That would be lame reason, because a health emergency provides reason to cut bureaucratic corners, and in any which case, an appeal to a quick-deciding President would have remedied the situation.
Now that we have breached the thousand-victim mark, with cases piling up because “we now have more test kits” as the DOH spokesperson (an excellent, cool-headed communicator) admits, are we also admitting that all the time we were proudly announcing we only had three coronavirus cases, it was because we were doing no tests? The logic ties up.
And then again there is the question of contact tracing or tracking possibly infected persons. Were the DOH people doing the tracing themselves? Would not plain and simple logic have indicated that contact tracking is best done through the Philippine National Police, aided by the local government units?
There were identified victims after we admitted that three became five, and thereafter. Was appropriate tracking done thereafter? I cite this matter because when a Taiwanese tourist returning to Taipei from the Philippines was discovered to have had the virus, he was immediately isolated and the health officials here asked him where he had been when he was in the Philippines. The Taiwanese government immediately supplied the information to our government. The potential number of contacts should have been in the hundreds. Were they tracked and tested at all? I wonder.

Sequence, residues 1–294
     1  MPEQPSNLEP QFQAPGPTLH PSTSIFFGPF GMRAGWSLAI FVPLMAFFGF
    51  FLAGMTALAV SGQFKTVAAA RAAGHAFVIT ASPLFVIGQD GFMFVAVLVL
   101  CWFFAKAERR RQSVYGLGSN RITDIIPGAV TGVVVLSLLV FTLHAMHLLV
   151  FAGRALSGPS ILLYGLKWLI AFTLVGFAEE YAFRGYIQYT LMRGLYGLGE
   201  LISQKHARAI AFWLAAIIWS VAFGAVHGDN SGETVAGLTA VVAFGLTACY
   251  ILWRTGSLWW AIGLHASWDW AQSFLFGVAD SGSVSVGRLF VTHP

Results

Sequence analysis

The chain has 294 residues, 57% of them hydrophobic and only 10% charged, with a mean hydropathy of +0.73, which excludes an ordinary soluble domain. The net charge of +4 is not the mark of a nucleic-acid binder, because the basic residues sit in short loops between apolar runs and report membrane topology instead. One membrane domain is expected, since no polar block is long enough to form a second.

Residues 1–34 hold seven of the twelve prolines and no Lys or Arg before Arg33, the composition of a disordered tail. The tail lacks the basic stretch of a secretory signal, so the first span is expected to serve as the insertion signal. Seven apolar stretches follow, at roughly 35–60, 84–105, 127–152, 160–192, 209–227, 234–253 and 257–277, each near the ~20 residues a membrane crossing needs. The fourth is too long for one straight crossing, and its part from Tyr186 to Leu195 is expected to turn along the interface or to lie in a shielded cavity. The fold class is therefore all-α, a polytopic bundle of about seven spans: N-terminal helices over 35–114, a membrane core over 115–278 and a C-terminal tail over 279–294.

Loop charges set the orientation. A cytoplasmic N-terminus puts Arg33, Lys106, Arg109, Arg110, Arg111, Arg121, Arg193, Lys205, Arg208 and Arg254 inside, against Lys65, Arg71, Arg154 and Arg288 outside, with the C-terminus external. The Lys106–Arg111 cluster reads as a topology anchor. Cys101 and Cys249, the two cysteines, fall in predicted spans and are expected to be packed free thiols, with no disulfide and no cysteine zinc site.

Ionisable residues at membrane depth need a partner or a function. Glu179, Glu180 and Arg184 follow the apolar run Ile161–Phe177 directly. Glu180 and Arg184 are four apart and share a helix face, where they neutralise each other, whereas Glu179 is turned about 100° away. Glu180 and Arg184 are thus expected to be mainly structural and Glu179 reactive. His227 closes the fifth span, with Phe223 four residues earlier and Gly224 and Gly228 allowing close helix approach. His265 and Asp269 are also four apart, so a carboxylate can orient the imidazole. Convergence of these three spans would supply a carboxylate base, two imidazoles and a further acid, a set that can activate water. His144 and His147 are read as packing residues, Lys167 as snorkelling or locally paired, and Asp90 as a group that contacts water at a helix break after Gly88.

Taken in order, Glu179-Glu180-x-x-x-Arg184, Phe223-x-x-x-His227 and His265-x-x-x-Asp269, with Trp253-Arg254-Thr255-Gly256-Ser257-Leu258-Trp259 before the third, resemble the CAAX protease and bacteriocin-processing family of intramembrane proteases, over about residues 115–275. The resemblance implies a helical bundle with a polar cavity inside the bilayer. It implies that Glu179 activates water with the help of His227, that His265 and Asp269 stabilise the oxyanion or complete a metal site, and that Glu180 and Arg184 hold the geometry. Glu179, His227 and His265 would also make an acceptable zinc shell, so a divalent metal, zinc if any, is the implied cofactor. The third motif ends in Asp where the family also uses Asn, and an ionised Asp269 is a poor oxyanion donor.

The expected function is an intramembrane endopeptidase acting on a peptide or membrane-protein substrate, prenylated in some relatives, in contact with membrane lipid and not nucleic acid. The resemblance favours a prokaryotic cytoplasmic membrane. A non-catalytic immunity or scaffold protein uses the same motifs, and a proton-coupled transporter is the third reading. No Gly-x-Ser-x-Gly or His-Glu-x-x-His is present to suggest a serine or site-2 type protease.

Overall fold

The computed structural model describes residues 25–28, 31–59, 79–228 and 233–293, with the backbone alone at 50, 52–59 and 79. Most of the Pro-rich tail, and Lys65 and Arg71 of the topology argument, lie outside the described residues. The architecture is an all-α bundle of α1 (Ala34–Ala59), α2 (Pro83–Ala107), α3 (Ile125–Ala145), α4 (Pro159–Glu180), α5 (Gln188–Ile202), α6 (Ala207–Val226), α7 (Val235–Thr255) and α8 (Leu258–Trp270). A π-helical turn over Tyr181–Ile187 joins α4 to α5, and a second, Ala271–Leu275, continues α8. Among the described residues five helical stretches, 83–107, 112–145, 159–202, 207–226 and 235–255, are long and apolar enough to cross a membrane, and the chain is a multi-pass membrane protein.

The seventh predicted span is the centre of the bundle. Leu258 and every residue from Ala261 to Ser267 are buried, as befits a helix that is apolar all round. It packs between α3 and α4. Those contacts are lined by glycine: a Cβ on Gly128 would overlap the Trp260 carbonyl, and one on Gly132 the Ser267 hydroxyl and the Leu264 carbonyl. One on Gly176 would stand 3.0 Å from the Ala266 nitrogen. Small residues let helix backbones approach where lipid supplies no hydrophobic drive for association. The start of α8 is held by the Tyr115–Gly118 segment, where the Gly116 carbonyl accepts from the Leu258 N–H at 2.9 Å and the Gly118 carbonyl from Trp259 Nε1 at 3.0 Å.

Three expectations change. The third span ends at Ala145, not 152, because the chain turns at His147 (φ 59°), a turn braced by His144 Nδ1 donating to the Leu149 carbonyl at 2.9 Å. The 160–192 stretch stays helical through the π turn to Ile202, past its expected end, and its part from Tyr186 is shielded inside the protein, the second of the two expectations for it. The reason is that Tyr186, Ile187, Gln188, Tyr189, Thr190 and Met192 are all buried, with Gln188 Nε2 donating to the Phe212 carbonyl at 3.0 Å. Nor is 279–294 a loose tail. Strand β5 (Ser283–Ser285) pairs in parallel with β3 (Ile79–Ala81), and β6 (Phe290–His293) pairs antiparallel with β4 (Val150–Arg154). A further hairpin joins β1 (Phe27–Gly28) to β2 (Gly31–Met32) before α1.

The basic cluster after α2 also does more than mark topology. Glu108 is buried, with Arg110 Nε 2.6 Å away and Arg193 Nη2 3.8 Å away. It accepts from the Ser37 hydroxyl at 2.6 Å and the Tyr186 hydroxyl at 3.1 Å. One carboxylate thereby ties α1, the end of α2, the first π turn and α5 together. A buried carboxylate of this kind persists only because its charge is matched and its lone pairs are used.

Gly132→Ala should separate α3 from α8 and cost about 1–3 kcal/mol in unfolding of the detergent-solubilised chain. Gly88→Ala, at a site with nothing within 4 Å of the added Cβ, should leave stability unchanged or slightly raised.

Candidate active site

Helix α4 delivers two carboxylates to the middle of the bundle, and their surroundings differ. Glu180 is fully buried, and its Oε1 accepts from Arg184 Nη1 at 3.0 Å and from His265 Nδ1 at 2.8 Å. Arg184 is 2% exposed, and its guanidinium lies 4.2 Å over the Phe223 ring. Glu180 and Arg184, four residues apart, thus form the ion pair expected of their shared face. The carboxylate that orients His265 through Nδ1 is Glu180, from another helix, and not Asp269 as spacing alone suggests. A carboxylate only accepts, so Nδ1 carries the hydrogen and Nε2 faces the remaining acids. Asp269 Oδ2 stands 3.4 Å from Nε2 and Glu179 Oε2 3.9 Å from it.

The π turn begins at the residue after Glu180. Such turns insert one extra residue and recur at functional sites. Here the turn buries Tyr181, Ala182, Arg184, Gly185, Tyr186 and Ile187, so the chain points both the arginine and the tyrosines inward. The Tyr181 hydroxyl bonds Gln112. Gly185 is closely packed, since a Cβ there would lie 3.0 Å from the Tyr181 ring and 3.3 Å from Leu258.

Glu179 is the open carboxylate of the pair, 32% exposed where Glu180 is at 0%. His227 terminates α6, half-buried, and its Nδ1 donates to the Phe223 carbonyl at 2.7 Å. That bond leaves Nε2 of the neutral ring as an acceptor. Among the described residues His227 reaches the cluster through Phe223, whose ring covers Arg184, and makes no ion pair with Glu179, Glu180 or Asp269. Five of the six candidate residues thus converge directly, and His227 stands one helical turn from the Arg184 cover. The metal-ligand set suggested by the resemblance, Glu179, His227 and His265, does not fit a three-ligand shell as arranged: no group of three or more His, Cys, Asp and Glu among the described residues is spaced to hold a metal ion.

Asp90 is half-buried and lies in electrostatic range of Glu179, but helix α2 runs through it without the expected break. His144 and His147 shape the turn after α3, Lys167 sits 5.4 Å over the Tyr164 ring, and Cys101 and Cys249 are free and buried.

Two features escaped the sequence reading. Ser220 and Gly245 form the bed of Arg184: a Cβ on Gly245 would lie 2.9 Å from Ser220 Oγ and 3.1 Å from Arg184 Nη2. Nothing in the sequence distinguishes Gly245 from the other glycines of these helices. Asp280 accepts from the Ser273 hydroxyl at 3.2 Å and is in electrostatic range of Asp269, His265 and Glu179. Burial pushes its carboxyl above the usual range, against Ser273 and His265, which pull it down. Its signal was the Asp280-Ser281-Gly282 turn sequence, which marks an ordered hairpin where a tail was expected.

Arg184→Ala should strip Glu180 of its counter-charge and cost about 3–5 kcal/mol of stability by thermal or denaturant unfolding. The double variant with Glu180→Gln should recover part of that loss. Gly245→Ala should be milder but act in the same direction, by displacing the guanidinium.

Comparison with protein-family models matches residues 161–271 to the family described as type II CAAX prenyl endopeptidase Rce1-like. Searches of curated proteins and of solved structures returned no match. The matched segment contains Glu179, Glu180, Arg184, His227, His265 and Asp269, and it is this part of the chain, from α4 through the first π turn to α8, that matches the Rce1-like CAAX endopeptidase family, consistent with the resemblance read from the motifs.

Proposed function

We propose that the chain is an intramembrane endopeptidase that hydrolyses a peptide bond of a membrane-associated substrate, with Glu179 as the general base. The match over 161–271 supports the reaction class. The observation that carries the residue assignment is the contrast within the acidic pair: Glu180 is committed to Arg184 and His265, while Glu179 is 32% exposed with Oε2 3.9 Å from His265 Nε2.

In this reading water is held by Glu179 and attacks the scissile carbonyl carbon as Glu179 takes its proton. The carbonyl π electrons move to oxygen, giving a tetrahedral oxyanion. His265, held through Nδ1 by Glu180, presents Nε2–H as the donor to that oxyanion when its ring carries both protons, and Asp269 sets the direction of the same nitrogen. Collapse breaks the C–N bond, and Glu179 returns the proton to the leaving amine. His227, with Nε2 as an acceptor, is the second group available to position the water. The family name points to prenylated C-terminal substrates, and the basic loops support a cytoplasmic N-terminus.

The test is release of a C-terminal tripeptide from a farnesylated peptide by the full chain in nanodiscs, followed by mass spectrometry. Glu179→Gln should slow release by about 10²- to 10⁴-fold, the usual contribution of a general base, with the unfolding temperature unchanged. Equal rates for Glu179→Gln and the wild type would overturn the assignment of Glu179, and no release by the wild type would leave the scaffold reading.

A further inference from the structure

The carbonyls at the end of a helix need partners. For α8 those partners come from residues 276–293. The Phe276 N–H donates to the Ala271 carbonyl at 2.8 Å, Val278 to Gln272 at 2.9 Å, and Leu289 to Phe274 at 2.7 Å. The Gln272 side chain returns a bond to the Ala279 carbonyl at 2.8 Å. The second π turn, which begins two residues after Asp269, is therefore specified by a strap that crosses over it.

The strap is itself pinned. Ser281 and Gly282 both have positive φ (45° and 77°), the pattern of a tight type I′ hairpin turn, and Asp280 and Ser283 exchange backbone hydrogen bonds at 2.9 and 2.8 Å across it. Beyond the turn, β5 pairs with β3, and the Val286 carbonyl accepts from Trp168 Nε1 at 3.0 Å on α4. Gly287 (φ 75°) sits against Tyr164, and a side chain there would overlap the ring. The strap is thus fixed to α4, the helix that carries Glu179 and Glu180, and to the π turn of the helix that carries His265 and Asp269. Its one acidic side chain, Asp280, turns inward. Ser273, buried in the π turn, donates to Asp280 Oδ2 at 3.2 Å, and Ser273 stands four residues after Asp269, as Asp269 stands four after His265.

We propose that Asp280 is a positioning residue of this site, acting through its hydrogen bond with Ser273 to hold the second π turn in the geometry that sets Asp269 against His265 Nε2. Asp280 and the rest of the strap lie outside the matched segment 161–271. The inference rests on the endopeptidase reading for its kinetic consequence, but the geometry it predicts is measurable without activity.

On March 14, another Taiwanese returned from the Philippines, and because symptoms were detected at the airport, he was brought to the hospital, where information was given as to where he stayed while in our country. When we learned about the case, my MECO administrative director immediately called his contacts in the Philippine National Police. Overnight, the Bulacan police authorities were able to trace the family, and a senior citizen-relative of the Taiwanese was immediately brought to the hospital for isolation and treatment.
Nowadays we learn only of prominent persons, like the movie actor Christopher de Leon voluntarily asking those who may have been in contact with him to have themselves tested. Or isolate themselves. Or high officials like the Chief of Staff of the Armed Forces. But what about ordinary people?